Figure 4.1.12.5[White to move]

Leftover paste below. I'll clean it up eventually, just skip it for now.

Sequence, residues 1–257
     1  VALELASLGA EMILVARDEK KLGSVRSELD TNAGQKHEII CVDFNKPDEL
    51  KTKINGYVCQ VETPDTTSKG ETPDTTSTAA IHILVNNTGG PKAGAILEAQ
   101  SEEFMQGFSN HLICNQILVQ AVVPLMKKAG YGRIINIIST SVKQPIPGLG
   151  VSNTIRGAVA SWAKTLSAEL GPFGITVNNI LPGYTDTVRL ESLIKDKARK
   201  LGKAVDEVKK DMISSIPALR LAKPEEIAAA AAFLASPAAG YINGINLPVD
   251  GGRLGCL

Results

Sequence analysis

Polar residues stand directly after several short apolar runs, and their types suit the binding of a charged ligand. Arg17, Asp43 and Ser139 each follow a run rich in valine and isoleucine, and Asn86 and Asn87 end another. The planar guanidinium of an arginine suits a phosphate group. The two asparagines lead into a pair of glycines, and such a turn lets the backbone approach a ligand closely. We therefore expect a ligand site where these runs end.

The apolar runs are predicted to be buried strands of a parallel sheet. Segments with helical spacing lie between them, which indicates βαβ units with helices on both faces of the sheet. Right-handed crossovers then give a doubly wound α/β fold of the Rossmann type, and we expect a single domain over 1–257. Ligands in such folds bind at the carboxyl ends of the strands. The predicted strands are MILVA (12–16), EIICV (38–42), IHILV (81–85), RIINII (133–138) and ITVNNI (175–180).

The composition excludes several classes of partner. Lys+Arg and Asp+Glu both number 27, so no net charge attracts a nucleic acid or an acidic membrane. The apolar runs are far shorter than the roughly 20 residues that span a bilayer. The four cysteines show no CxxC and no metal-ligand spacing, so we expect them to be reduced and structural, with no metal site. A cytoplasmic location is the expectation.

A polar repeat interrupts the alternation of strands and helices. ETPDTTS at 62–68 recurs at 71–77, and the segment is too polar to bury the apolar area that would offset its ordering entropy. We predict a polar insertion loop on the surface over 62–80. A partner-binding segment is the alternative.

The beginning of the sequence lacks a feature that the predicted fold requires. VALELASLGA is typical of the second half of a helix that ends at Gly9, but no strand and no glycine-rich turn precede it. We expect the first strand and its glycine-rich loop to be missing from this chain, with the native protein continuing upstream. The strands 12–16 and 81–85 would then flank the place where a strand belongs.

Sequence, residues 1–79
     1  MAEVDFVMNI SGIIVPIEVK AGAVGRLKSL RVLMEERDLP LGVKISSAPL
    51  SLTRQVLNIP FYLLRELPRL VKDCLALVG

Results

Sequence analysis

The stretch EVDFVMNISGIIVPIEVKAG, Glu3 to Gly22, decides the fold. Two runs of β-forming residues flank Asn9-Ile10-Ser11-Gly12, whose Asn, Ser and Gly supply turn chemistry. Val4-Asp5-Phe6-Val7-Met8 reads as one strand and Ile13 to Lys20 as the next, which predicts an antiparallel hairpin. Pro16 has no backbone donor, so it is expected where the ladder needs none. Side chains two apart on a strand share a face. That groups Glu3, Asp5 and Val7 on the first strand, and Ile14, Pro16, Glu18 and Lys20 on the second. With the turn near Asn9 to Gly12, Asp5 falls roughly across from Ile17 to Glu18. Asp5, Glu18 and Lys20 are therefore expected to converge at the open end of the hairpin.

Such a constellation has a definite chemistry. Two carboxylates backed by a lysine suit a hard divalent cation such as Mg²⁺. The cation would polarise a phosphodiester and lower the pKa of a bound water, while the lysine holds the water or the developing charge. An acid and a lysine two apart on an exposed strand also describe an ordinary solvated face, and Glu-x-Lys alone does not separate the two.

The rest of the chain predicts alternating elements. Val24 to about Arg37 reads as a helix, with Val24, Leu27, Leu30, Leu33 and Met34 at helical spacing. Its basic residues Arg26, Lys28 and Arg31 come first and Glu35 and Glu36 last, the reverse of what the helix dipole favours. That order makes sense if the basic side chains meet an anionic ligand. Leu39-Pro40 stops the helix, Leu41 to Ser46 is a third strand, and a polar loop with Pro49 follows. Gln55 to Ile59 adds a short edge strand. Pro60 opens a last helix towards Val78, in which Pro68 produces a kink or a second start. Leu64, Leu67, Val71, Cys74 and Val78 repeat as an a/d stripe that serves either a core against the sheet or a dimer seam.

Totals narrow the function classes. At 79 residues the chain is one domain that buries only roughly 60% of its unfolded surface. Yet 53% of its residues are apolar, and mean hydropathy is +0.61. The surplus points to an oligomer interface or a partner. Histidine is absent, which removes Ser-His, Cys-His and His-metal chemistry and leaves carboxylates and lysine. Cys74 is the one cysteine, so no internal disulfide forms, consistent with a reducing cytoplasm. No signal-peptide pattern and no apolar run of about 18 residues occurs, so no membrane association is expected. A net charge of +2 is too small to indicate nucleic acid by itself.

Now a study in caution. You see the obvious pin of Black’s knight on f6 by White’s bishop. It’s a relative pin, a theme we discuss later: Black’s knight can move legally, but his queen will be lost. Since the knight appears to be paralyzed as a defender, the Black pawn on d5 is free for the taking with Nxd5. If Black replies NxN, White seems able to play BxQ. Not so fast, however; this is a classic trap. When you imagine moving your pieces around, even just to make a capture, ask as a matter of course what lines the moves would open—especially when a piece like White’s knight starts out aligned with its king, so that moving it creates a new check for the other side. What checks would be possible for Black after White plays BxQ? Just one: Bb4+. The White king has no flight squares, so his only reply is to interpose his queen on d2. Black then plays BxQ, winning back the queen—and doing it with check, so that after White plays KxB Black still has a move to play KxB back at his end of the board, winning the bishop that took his queen. Black ends up with a piece in return for a pawn.